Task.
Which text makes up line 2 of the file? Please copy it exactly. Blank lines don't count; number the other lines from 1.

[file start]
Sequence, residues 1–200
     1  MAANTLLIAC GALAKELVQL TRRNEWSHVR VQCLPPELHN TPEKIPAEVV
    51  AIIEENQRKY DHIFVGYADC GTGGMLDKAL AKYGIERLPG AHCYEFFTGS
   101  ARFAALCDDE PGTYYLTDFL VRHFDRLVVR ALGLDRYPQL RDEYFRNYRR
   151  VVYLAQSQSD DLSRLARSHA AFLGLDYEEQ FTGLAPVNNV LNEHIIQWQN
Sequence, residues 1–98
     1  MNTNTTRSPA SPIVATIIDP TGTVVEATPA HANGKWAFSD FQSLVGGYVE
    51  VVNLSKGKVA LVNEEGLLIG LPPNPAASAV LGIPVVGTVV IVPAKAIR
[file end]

     1  MAANTLLIAC GALAKELVQL TRRNEWSHVR VQCLPPELHN TPEKIPAEVV